Rejected! But the Party’s Not Over.

Thank you for allowing us to consider your work. Though we find we are unable to use it…

We regret to inform you that we will not be able to offer you an interview.

We are unable to publish…

Rejection. Is it failure? Rejection is a kind of failure although not all failures are rejections by a long shot. Sometimes rejection is even a kind of victory. 

All writers receive a great many more rejections than acceptances. It is a constant for us although on social media you will only see our successes, which creates an unhealthy illusion of flawlessness. We secretly wonder if we get more rejections than our peers. We fear that silence is rejection. We wonder how much rejection we can bear before quitting and getting a job at a bagel shop. The most self-hating part of ourselves whispers in our ears: you are unable.

There are good rejections and bad ones. The good ones offer a word of encouragement, explain that your story didn’t fit the theme of their next issue, maybe invite you to submit something in the future. The bad ones leave you breathless from their coldness, impersonality, and not infrequent (and yet still surprising) demonstrations of bad writing.  You read them, storm out of your office, slam the back door and sit out on your porch, fuming, on fire. Again.

There are plenty of reasons for issuing a rejection, but there is no excuse for rude or badly-written ones. Publications who simply never respond, well, I have no words for you. But to those who take seriously the unpleasant job of turning people down for publishing, representation, a fellowship, or an academic position, it would serve you to keep in mind that you’re corresponding with another human. Use spell-check or ask your intern to use spell-check, for heaven’s sake. Offer a grain of comfort. Most of all, take responsibility. For when you invoke a pretend inability…we are unable…you demonstrate cowardice, which hurts us more. You are not unable, you just don’t want to. Own it.

I found out this week that I will not be a 2023 Translator in Residence at Great Ivy University (obviously not its real name). They told me so in an automated email that they were unable to offer me an interview. I will let my generous colleagues who agreed to be my references know later. For now, I just want to sit alone with my disappointment and my bruised ego. As I said, writers and translators get a lot more no’s than yeses, but I really wanted this. I wanted the academic stamp of approval on my nearly 30 years of work in Hispanic letters and culture. I wanted to spend concentrated time on a book I’m translating. I wanted to hang out for a semester with accomplished colleagues in a town I know well and like. Finally, I wanted to live a little closer for a few weeks to my mother who is undergoing some health challenges. Oh well.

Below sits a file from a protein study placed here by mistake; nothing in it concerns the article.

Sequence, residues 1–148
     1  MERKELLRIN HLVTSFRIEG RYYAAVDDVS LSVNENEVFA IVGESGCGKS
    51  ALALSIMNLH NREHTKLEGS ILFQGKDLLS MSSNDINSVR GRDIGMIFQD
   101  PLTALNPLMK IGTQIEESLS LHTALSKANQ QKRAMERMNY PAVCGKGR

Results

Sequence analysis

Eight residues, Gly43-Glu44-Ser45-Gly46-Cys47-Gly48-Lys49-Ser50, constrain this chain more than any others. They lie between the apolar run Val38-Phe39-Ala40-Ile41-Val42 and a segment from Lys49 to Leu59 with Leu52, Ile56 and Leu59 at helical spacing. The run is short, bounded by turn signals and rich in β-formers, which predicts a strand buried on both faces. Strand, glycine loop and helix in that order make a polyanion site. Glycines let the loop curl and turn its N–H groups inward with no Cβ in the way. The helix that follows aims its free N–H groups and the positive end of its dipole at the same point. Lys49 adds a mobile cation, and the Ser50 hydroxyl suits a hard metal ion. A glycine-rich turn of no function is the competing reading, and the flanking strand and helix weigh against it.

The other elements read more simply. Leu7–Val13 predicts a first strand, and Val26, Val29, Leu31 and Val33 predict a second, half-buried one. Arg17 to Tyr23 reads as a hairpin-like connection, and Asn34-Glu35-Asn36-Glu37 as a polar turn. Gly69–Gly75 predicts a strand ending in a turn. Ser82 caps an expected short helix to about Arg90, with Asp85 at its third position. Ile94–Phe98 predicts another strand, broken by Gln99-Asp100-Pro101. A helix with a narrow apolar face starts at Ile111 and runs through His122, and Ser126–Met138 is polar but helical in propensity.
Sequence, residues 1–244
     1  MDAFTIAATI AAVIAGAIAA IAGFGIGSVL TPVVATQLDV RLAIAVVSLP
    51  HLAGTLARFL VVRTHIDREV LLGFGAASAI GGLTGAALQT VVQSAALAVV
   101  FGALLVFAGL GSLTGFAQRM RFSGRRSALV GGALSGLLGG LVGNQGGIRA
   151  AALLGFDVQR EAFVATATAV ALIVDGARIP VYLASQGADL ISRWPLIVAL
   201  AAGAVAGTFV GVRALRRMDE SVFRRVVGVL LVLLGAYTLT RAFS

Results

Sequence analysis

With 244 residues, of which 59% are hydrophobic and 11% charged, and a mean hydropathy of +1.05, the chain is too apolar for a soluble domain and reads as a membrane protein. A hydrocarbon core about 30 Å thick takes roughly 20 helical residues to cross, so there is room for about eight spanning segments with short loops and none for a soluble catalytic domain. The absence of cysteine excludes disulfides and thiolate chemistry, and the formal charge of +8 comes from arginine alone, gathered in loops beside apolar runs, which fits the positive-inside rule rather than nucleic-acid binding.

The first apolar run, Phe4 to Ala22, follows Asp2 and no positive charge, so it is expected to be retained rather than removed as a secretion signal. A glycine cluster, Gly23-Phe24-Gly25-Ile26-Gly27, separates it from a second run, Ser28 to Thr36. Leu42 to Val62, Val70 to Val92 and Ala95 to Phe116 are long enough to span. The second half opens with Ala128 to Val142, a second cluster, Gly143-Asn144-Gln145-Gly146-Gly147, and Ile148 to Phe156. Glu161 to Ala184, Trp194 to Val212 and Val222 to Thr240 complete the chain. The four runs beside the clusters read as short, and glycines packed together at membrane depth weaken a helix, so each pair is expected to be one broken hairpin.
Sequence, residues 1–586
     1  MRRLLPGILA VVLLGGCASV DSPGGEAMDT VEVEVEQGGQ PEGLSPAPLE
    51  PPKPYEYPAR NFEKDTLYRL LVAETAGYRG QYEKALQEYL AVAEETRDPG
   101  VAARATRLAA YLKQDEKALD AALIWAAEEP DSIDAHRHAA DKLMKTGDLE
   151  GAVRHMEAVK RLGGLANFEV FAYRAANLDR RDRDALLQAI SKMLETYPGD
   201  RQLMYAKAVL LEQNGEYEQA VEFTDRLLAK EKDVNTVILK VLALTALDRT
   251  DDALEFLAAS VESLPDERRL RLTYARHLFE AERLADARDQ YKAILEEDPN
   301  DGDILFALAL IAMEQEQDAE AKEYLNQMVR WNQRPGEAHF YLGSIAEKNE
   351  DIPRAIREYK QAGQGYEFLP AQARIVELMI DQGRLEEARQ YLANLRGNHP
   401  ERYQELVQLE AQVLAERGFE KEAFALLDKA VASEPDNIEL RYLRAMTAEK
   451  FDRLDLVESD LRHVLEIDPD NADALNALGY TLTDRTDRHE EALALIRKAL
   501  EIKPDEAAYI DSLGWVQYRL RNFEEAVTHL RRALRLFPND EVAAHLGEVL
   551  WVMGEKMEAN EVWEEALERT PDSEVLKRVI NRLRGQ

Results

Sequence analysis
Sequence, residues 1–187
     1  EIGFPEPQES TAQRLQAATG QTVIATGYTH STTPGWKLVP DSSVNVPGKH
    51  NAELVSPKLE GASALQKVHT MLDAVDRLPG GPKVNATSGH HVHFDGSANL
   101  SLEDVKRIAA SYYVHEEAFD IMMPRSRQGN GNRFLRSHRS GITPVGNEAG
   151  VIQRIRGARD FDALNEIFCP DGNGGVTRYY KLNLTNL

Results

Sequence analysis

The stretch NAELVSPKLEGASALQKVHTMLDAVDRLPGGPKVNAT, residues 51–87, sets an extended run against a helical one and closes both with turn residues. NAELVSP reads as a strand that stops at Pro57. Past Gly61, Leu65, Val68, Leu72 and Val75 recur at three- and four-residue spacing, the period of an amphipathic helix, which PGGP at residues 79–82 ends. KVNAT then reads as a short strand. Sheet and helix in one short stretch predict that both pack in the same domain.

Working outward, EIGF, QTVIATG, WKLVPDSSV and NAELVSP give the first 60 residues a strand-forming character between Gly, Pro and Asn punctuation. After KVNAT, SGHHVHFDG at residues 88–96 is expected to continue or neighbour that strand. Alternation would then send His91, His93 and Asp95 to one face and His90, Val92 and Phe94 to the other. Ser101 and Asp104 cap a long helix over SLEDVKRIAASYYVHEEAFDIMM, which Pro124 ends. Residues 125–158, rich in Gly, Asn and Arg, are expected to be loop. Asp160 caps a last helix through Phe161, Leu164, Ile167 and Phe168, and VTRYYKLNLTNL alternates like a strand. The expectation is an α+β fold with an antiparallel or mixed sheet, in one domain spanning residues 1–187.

The worst part is that, this time, it wasn’t a story, essay, or translation they were rejecting. It was my entire career and they didn’t even want to talk to me. Yes, I know: universities are hella political places but still, it felt personal this time. This made their pretended inability to summon an interest in me feel even worse.

My friend K. is an immigrant and a successful novelist and her intensity sometimes terrifies me. She lives in Manhattan, of course. Where else would such a person live but the biggest, toughest, the most competitive city in the world? She does everything ferociously: running, writing, climbing mountains, mothering, yoga (yes, ferocious yoga), etcetera etcetera. Once she tweeted something like: When they say no, I move on. No’s, she declared, are evidence that they don’t get it, they don’t get me, and they are therefore disqualified. K. rejects the rejectors. Bravo! Ah, to be so fierce. 

After I received Great Ivy’s rejection, I spent a sleepless, unhappy night. That automated email was eating at my mind like a wriggling nest of worms. 

We are unable

My husband found me sprawled on the couch in the morning and I unburdened myself to him. He shook his head. I don’t know how you do it, he said, I couldn’t. I relaxed into his hug and, sleep-deprived, somehow I managed to do my morning meditation. Then, before my first appointment, I declared out loud to the four walls of my study that I was glad I had applied anyway. Yes, glad! Because to even present myself to Great Ivy was a declaration of faith in myself and my value. For one sweet minute, I believed I had a real shot to join a team of accomplished academics at one of the most respected universities in the world. It is they who have missed out, I stated to myself and my bookshelves, not me. And it sounded true. 

So move on.

Later, I received a follow-up email from the Director of the Program at Great Ivy. Her decency and sincerity flowed off the digital page. I suspect she had read the canned email sent out in the name of her program and thought, we sound like real assholes. Two rejections from the same program in 24 hours. Wow. 

Move on.

It’s late. I’m tired. Tomorrow? I will try again. Because not quitting is my superpower. Suddenly I am feeling just a little bit fierce.

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